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1 Thessalonians 5:23-27 meaning

Verses covered in this passage:

  • 1 Thessalonians 5:23
  • 1 Thessalonians 5:24
  • 1 Thessalonians 5:25
  • 1 Thessalonians 5:26
  • 1 Thessalonians 5:27

Paul emphasizes one last time the goal of living a God-honoring life apart from the world, so that our body and soul will be blameless when Jesus returns.

Paul concludes his letter to the Thessalonians. Throughout it, he expressed his frustration that he had been driven away from them, his concern for their endurance in the face of persecution, and his joy when he learned from Timothy that they were prospering in faith and love, and were withstanding all opposition to their faith (1 Thessalonians 2:18, 3:5, 3:6-8).

Paul proceeded to tell the Thessalonians what God’s will was for their lives, which was to be sanctified (set apart, holy, to live as God designed, not as the world). Their sanctification would come from staying sexually pure, from loving and respecting one another, and from working hard and living quietly in their community (1 Thessalonians 4:3-12). Paul also cleared up some confusion the Thessalonians had about Christ’s return; they were worried that if they died before Jesus came back, they would not join Jesus in His Kingdom. Paul dispels this concern; all believers who die physically will be raised from the dead physically, and will join Him in the air (1 Thessalonians 4:16-17).

In his conclusion, Paul blesses the Thessalonians. He points to their continued spiritual growth, and notes that it comes from God: Now may the God of peace Himself sanctify you entirely. The word sanctify means to set apart from what is common to something greater. God Himself sanctifies us, grows us, and matures us, when we walk in faithful obedience to Him. He is the God of peace, not of division; Paul has called the Thessalonians to be at peace with each other and all men, which might be difficult since their neighbors were persecuting them (1 Thessalonians 5:13b, 5:15). But faith in Jesus brings us away from conflict and into the peace God originally designed us for.

The goal to be entirely sanctified fits with Paul’s hope that all believers would reach full maturity by the time Christ returns; he declares may your spirit and soul and body be preserved complete, without blame at the coming of our Lord Jesus Christ. Paul has expressed this hope that the believers would be ready on the day of Jesus’s second coming several times throughout this letter:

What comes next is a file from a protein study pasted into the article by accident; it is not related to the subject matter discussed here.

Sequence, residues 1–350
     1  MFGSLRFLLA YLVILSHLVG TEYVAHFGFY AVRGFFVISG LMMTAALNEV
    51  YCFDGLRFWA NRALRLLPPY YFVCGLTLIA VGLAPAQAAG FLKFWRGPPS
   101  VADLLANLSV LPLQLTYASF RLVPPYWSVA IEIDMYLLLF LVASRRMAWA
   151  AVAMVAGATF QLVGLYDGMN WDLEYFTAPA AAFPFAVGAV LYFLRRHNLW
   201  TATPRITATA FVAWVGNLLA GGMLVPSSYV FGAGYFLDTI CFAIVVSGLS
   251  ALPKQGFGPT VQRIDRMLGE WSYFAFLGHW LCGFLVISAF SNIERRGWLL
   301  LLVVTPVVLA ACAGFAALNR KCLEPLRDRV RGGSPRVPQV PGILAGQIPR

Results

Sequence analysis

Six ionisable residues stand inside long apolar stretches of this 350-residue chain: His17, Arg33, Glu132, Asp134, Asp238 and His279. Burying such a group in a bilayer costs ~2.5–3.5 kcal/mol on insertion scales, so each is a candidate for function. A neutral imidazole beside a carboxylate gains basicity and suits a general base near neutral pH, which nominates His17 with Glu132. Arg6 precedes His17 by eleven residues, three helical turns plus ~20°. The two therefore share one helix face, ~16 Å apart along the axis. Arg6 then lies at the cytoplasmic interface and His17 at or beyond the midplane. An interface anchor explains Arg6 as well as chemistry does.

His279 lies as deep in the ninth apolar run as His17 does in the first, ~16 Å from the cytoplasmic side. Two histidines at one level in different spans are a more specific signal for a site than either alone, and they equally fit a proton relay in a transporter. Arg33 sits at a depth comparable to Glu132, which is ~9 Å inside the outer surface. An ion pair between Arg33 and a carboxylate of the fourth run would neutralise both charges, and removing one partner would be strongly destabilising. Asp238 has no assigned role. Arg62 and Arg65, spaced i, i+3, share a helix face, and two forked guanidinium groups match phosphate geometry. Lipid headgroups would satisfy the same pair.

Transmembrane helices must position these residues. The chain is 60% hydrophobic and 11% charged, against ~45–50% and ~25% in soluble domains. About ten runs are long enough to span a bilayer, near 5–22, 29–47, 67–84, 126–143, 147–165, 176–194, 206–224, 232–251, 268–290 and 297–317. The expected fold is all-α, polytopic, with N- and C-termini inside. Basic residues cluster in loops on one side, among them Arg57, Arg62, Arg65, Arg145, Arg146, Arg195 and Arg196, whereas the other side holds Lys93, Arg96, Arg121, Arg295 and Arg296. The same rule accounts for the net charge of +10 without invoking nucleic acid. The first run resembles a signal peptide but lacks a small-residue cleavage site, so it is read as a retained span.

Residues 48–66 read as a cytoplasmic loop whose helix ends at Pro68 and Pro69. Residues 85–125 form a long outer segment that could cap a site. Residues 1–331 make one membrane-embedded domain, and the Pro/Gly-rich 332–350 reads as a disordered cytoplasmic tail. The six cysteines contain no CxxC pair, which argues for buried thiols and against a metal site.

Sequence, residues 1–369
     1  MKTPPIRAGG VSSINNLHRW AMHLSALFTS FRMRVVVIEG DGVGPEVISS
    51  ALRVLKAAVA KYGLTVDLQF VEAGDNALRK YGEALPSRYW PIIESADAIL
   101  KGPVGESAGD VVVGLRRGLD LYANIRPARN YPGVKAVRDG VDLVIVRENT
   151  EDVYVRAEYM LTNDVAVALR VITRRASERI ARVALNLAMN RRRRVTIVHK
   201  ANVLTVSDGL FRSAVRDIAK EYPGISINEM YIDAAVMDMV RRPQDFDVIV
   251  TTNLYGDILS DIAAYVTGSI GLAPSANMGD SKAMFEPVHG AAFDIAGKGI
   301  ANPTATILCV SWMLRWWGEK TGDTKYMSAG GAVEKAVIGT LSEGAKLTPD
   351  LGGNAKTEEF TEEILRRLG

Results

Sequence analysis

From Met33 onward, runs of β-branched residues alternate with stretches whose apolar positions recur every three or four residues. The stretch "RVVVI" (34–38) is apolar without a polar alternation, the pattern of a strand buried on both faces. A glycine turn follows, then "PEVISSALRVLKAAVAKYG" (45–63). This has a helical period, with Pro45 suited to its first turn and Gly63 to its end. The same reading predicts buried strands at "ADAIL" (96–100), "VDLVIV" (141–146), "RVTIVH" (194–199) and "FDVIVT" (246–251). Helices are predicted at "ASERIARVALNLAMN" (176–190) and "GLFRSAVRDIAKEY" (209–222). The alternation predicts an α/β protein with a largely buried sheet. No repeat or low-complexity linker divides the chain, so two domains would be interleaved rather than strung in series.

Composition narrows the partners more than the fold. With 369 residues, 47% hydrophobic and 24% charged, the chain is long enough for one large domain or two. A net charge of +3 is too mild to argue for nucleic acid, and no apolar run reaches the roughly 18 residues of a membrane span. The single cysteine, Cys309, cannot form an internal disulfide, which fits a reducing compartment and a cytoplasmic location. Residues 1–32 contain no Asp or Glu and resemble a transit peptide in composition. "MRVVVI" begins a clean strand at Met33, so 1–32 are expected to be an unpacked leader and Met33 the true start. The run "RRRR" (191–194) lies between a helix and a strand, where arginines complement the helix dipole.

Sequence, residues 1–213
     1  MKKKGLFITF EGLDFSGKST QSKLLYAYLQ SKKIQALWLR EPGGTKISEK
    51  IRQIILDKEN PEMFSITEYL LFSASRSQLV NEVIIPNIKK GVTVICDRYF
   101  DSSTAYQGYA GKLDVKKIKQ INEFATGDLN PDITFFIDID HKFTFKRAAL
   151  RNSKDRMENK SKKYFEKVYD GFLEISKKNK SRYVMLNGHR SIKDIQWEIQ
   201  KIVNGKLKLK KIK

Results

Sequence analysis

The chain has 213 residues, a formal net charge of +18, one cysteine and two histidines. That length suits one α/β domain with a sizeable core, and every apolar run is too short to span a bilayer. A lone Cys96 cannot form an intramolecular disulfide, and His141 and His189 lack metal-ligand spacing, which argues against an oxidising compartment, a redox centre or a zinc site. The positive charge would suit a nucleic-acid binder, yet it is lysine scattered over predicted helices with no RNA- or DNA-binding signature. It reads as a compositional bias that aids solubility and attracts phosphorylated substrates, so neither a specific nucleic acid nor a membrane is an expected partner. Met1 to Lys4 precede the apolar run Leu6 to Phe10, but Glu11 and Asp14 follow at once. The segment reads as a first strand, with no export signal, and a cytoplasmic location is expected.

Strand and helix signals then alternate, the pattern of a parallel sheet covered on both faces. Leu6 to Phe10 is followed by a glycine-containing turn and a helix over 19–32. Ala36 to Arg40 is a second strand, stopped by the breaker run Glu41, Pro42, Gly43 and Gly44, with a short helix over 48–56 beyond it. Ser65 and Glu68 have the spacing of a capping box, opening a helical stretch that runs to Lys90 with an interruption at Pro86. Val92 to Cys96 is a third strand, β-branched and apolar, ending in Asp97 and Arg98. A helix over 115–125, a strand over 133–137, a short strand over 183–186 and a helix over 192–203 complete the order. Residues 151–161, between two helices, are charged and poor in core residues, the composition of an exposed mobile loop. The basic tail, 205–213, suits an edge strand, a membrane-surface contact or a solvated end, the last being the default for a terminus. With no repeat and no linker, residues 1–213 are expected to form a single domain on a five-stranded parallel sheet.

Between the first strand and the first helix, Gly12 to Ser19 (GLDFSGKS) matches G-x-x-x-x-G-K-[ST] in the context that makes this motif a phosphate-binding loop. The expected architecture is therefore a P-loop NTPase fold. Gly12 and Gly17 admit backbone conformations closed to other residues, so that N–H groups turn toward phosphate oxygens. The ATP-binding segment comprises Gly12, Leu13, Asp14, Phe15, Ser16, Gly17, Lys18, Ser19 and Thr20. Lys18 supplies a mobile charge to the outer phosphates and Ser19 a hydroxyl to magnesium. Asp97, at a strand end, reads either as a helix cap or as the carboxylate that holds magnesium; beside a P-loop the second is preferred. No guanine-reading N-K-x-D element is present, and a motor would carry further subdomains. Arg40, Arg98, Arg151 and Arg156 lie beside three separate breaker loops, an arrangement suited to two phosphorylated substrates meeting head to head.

“For who is our hope, or joy or crown of pride, in the presence of our Lord Jesus at His coming? Or is it not indeed you? For you are our glory and joy.”
(1 Thessalonians 2:19-20)

It is clear from this verse that Paul considers seeing his spiritual children rewarded by Jesus as his own great reward. He will be like a proud parent watching their child receive a great reward. Then also:

“…may the Lord cause you to increase and overflow in love…so that He may establish your hearts blameless in holiness before our God and Father at the coming of our Lord Jesus with all His saints.”
(1 Thessalonians 3:12-13)

The idea is that each believer’s spirit and soul and body would be preserved complete, not meaning that we won’t die a physical death, but that we would be without sin inside (our spirit and soul) and outside (our body), that we would be without blame when Jesus returns.

Of course believers struggle with sin, because we live with a double nature, the old (what Paul calls the Flesh) and the new (the Spirit) (Galatians 5:17, Romans 8:13). But clearly it is possible that by living according to God’s will, by loving one another and by serving God faithfully, we can reach a point of maturation and total readiness for Jesus when He comes back. This is partly because we can confess our sins and Jesus will forgive them and restore us to fellowship with Him (1 John 1:9). We can be encouraged because God appears to only hold us accountable for dealing with what we know (1 John 1:7-8). However, we should be sober to the reality that God will hold us fully accountable for willful sin (Hebrews 10:26-31).

 

This is possible because Faithful is He who calls you; God’s promises are true and He is reliable and unchanging, He calls us so that He might sanctify us, and He also will bring it to pass. Our sanctification (being set apart) as believers is certain; God will bring it to pass. We are all destined to be conformed to the image of Christ (Romans 8:29). This is because Faithful is He who calls you. However, how that comes to pass depends greatly on our choices. Our choices have immense consequences.